Police Arrest and Handcuff 11-year-old Girl at School

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Kids in classroom

For most kids, school is a place to learn, meet new friends and even have some fun.

But for one 11-year-old girl, a normal school day quickly turned into a traumatic and humiliating ordeal when she was arrested and handcuffed in the school’s computer lab, then escorted to a paddy van while her fellow students and teachers watched on in horror.

Police have defended their actions, saying ‘the officers concerned demonstrated a high level of empathy and concern for the girl’s welfare.’ But is it ever appropriate to arrest a child at school in front of their classmates?

Not Your Average School Day

The 11-year-old Aboriginal girl, who cannot be named, was a student at Tennant Creek Primary School in the Northern Territory. According to media reports, she was well-known to police, and was wanted in relation to a number of suspected property offences.

Police told the media that they had organised for the arrest to take place in an unoccupied computer lab in order to minimise disruption and prevent other students from witnessing the arrest. Police reportedly contacted a school assistant, who they believed to be the girl’s aunty, to sit in on the procedure – but it later transpired that the woman was not a relative of the child.

Police say that they explained what was happening to the girl, but she then became ‘increasingly uncooperative, argumentative and aggressive.’

Officers say they formed the view that the girl could become a danger to herself or others, and made the decision to handcuff her. She was then led by police to a paddy wagon, before being transferred into police custody for the rest of the day.

After being released, the humiliated and highly distressed girl ran away, prompting police to issue a public plea for assistance in locating her.

Thankfully, she was located safe and well after being missing for four days.

Did Police Overstep the Mark?

The young girl’s family have since spoken out about the way police officers treated her, with her great-grandmother calling the arrest ‘appalling,’ and confirming that no family members were contacted.

In NSW, there are provisions which dictate how police must treat children they suspect of crimes.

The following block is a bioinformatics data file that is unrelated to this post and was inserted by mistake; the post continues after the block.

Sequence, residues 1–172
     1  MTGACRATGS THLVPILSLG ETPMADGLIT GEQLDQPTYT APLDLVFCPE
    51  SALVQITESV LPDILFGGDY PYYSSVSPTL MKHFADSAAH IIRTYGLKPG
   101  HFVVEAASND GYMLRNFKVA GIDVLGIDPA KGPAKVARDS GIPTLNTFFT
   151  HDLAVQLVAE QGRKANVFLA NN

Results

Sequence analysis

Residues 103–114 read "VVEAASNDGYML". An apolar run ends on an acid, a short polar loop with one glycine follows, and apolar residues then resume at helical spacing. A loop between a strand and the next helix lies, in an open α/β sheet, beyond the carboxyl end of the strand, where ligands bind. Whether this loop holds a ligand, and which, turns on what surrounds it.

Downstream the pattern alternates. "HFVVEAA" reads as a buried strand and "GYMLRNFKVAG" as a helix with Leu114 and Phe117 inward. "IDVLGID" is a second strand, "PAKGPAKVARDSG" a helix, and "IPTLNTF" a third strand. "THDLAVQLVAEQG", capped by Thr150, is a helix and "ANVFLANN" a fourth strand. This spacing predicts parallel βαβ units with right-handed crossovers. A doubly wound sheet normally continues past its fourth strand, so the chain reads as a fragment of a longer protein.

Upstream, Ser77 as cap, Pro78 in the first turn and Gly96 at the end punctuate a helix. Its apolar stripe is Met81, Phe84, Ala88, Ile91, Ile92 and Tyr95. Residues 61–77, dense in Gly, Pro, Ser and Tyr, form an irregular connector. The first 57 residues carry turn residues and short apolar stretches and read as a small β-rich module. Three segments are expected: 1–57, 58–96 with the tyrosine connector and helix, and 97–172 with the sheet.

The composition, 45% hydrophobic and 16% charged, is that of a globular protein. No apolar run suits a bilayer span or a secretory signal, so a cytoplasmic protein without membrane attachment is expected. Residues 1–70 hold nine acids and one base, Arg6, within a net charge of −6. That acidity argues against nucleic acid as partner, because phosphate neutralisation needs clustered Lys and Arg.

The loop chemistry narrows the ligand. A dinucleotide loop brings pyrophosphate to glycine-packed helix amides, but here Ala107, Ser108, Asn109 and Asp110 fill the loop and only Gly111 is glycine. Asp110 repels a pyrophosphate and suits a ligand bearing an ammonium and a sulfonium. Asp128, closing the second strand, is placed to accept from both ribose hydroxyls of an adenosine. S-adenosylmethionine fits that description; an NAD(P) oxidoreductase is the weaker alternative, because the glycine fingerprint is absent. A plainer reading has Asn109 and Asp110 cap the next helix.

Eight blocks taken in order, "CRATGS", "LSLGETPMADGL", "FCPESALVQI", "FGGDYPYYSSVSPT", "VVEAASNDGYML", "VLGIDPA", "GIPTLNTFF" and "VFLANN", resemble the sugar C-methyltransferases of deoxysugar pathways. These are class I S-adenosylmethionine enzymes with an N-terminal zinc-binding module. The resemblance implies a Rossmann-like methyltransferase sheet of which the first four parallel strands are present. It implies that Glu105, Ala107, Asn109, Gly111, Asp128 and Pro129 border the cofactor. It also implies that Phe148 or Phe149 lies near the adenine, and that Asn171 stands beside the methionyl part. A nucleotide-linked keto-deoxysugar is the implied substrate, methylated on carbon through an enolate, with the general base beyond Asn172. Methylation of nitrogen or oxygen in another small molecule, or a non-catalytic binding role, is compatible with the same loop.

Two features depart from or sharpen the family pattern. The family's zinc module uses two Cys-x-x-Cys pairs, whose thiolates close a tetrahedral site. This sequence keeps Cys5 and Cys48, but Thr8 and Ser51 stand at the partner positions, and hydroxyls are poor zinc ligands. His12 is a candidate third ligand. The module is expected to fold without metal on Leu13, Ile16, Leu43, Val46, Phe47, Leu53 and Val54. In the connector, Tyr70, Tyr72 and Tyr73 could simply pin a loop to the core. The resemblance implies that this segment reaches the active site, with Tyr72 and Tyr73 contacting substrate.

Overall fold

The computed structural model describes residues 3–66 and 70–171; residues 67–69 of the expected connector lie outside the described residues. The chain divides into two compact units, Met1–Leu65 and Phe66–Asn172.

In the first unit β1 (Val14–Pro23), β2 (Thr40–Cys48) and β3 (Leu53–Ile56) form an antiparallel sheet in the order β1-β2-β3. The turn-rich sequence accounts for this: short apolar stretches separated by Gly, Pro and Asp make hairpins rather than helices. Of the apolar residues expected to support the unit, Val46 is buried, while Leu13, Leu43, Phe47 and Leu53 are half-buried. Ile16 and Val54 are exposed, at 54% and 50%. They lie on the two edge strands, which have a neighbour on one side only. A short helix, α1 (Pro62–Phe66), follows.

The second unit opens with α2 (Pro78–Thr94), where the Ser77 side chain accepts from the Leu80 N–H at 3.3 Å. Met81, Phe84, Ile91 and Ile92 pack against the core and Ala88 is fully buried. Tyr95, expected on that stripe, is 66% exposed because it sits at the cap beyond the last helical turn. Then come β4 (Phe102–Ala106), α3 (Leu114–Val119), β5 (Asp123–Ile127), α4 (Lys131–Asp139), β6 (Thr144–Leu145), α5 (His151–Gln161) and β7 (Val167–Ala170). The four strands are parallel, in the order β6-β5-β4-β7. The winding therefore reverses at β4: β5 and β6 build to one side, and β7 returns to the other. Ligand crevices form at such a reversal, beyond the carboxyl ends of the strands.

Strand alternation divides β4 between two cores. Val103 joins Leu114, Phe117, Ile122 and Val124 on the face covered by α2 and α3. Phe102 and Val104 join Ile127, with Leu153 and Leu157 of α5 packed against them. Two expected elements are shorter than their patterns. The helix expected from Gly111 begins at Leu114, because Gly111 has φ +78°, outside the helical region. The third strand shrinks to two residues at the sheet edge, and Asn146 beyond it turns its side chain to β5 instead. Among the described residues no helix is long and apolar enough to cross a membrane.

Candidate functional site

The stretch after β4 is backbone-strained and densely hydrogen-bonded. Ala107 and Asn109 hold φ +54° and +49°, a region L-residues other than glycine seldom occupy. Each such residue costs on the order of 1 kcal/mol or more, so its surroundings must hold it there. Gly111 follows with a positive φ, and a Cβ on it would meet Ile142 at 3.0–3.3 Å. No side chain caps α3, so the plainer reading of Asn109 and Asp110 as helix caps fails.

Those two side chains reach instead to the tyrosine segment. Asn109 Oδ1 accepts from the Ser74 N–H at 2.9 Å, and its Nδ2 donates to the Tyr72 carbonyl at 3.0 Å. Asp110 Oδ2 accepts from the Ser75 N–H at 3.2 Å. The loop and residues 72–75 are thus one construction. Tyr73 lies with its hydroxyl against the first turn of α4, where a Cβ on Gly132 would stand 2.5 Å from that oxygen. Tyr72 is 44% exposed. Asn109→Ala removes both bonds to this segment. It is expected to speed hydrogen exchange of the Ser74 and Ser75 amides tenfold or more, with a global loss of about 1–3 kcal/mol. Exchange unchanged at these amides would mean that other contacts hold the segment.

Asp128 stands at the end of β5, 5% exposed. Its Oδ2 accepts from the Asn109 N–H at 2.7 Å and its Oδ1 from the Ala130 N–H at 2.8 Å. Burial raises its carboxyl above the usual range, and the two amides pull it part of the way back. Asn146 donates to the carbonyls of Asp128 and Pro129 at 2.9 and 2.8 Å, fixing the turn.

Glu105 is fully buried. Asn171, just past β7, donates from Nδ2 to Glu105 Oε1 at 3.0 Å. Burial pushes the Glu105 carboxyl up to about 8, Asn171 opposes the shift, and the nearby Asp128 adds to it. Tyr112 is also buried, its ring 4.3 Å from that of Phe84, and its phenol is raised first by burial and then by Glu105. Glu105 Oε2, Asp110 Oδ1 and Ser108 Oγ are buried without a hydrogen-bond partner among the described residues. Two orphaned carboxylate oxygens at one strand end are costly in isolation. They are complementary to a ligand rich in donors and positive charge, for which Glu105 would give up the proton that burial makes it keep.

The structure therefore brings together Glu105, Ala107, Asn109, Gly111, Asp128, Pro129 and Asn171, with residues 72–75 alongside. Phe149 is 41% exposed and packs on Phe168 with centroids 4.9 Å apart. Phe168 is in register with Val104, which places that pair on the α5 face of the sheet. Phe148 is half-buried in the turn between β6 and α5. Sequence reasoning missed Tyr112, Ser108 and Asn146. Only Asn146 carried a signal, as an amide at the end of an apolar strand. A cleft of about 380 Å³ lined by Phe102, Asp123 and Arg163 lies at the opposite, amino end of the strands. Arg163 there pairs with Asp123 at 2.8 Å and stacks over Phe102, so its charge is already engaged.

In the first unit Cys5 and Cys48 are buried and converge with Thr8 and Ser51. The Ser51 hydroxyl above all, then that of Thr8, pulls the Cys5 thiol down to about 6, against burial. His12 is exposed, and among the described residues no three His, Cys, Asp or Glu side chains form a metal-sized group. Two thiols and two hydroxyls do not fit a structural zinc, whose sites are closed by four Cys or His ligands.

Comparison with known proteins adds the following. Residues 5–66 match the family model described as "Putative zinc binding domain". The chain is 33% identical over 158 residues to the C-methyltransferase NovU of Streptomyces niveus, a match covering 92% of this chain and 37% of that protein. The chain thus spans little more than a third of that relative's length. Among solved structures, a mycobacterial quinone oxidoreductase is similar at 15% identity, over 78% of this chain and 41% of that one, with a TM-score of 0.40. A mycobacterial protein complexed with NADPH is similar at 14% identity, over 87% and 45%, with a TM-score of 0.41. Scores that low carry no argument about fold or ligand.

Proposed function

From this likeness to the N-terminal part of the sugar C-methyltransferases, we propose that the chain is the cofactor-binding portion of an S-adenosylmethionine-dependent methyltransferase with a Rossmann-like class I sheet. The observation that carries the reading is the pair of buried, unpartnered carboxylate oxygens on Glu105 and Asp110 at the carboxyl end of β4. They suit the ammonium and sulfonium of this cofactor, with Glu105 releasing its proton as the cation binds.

The starting point for arresting people in NSW without a warrant is section 99 of the Law Enforcement (Powers and Responsibilities) Act 2002, which says that police are able to arrest a person without a warrant if, among other things, they suspect on reasonable grounds that the person is committing or has committed an offence, and;

The NSW Police Force Code of Practice for CRIME sets out protocols for the exercise of police powers, stating that:

‘Section 99 applies equally to children. Before arresting a child, you must be satisfied that the arrest is reasonably necessary for one or more of the reasons set out in section 99(1)(b).

And significantly, that:

You cannot arrest a child merely to get them back to a police station for the purpose of dealing with the matter under the Young Offenders Act 1997.


When you arrest a child, take all reasonable steps to notify a parent or guardian immediately.’

In addition to this, section 8 of the Children (Criminal Proceedings) Act 1987 states that criminal proceedings against children should always be commenced by the issuing of a court attendance notice.

It should be noted, however, that the section does not apply to certain serious criminal and drug offences, or if the police believe that:

  • The child is unlikely to comply with a court attendance notice;
  • The child is likely to commit further offences; or
  • The violent behaviour of the child or the violent nature of the offence indicates that the child should not be allowed to remain at liberty.

Additionally, section 7 of the Young Offenders Act 1997 requires police to apply ‘the least restrictive form of sanction is to be applied against a child who is alleged to have committed an offence.’ It also contains a principle that ‘the over representation of Aboriginal and Torres Strait Islander children in the criminal justice system should be addressed by the use of youth justice conferences, cautions and warnings.’

The NSW Police Handbook requires officers to comply with the law when dealing with both kids and adults; including the legal requirement that arrest should only be exercised as a last resort.

But unfortunately, police often overlook laws and protocols when dealing with members of the public.

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Ugur Nedim

Ugur Nedim

Ugur Nedim is an Accredited Criminal Law Specialist with 25 years of experience as a Criminal Defence Lawyer. He is the Principal of Sydney Criminal Lawyers®.

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